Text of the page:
Andrew Cull’s company delivers medical training, supplies and services to the world’s impossible places
By Ron Judd | ('85, Journalism)
For Andrew Cull (’01, Political Science), post-graduate classes at Western proved the perfect breeding ground for his dream business – a rapidly growing company that dispatches medical services to remote corners of the globe.
But not in the way you might expect.
Cull, faithful to his alma mater, doesn’t like to admit he was bored during Organic Chemistry courses, part of a pre-med program he embarked upon after earning a WWU Political Science degree in 2001.
But he was beginning to realize he wasn’t cut out for medical school. And, having ample time – and an empty notebook – Cull began sketching out a dream company that would mix his two loves: recreation in wild places and emergency medicine.
A decade later, the company Cull launched as a Western
student is called Remote Medical International, and it’s booming. Growth at the company is running 300 to 400 percent per year.
And Cull, its 32-year-old CEO, continues to be amazed at just how much his current company, now with 75 employees, looks like the one he sketched out in O-Chem class.
RMI offers one-stop shopping for remote medical training, equipment and logistics for clients ranging from individuals to governments and global corporations.
A smaller client might be a family setting off to circle the globe on a small sailboat. RMI would train family members before the trip, stock the boat’s medical supplies, and then provide full emergency medical services at sea via a 24-hour communications link – and help with evacuations if it comes to that.
The company provides larger, more complex packages for government and corporate clients such as cruise lines, military special forces, oil and gas exploration companies, adventure guides, and scientists and researchers in far-flung places such as Antarctica.
It’s the kind of service that’s always been in Cull’s blood. An outdoor lover since his childhood in University Place near Tacoma, he volunteered for Pierce County Search and Rescue at age 15, and received Emergency Medical Technician certification while in high school at Bellarmine Prep.
“I was always interested in preparing for emergencies,” he says.
Cull built what would become his company’s e-commerce website in Western’s computer labs while he was still a grad student. Clients began finding him, and have kept coming ever since.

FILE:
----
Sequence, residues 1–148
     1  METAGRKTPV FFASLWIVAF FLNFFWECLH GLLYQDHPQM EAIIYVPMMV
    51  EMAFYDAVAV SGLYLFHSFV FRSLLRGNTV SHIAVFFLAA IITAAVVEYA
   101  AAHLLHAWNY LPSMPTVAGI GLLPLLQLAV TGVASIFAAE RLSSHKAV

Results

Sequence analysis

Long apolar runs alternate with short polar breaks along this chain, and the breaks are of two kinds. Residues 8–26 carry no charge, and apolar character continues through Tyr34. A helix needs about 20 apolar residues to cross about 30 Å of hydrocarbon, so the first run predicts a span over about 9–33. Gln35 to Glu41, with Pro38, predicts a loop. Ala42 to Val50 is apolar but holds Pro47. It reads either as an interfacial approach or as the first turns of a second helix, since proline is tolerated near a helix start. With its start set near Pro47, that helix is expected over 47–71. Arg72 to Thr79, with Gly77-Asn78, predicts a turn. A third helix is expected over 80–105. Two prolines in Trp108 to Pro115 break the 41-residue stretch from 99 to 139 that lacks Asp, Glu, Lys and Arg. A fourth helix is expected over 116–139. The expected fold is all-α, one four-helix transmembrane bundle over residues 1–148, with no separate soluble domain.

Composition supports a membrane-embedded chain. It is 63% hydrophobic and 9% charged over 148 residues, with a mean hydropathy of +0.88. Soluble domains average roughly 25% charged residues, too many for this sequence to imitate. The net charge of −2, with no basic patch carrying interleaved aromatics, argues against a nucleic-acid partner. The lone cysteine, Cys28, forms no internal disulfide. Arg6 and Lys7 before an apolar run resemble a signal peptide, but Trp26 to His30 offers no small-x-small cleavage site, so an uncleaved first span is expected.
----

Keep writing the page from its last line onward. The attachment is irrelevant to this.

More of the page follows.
Today, “We’re working on huge projects, all over the world,” he says.
Cull says he’s received multiple purchase offers for RMI, recently named the third-fastest-growing company in the Puget Sound region by the Puget Sound Business Journal.
“Luckily, my passion for what I do has overpowered my drive or desire for acquisitions – acquiring wealth,” he says. “That’s really liberating. I know I could sell and never have to work again. Having that comfort … is a license to really push and do the things you want.”
For now, he’s enjoying the balance of running his company
and raising a family. Cull met his wife, Melisa (Heider) (’01, Sociology/Political Science), at an “Open Door Night” social in Nash Hall (he lived in room 312; she right below in 212). The Culls, who now have two young daughters and a 16-year-old daughter, whom they adopted, live in Burien.
Cull spends a lot of his time traveling to meet with clients, but to keep active in the “hands-on” part of his business, rotates in as a company paramedic from time to time.
The business he built tends to hire people who share his passion for the outdoors – and an ongoing thirst for learning. Employees love what Cull calls RMI’s “culture of adventure,” which includes an annual company mountain-climbing jaunt.
Some key RMI staffers are fellow Western grads: Christine Avakian (’01, Recreation) is director of Integrated Operations; Phong Duong (’00, Communication) is legal counsel and an
instructor; Brent Molsberry (’01, Biology) is an EMT instructor. Field Operations Manager Tyler Nielsen also attended Western.
Other friends from Cull’s dorm days also turned out to be entrepreneurs, with businesses ranging from solar energy to resort development.
“That third floor in Nash Hall did very well,” he says.
Ron C. Judd is a Seattle Times columnist and yet another former third-floor Nash Hall resident.